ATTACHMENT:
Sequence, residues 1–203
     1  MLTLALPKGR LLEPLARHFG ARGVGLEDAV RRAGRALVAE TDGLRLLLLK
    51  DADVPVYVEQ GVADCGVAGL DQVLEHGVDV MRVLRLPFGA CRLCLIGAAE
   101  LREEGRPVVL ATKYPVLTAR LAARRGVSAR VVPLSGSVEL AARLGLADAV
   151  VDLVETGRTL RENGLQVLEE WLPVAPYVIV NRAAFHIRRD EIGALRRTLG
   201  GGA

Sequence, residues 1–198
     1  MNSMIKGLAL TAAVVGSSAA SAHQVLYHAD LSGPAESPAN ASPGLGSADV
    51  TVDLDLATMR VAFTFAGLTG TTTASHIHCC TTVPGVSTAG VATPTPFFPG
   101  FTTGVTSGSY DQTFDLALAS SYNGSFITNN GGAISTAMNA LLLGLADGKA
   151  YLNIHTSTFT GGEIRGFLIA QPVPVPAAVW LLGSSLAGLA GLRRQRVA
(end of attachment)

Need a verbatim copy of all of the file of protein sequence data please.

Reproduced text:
Sequence, residues 1–203
     1  MLTLALPKGR LLEPLARHFG ARGVGLEDAV RRAGRALVAE TDGLRLLLLK
    51  DADVPVYVEQ GVADCGVAGL DQVLEHGVDV MRVLRLPFGA CRLCLIGAAE
   101  LREEGRPVVL ATKYPVLTAR LAARRGVSAR VVPLSGSVEL AARLGLADAV
   151  VDLVETGRTL RENGLQVLEE WLPVAPYVIV NRAAFHIRRD EIGALRRTLG
   201  GGA

Sequence, residues 1–198
     1  MNSMIKGLAL TAAVVGSSAA SAHQVLYHAD LSGPAESPAN ASPGLGSADV
    51  TVDLDLATMR VAFTFAGLTG TTTASHIHCC TTVPGVSTAG VATPTPFFPG
   101  FTTGVTSGSY DQTFDLALAS SYNGSFITNN GGAISTAMNA LLLGLADGKA
   151  YLNIHTSTFT GGEIRGFLIA QPVPVPAAVW LLGSSLAGLA GLRRQRVA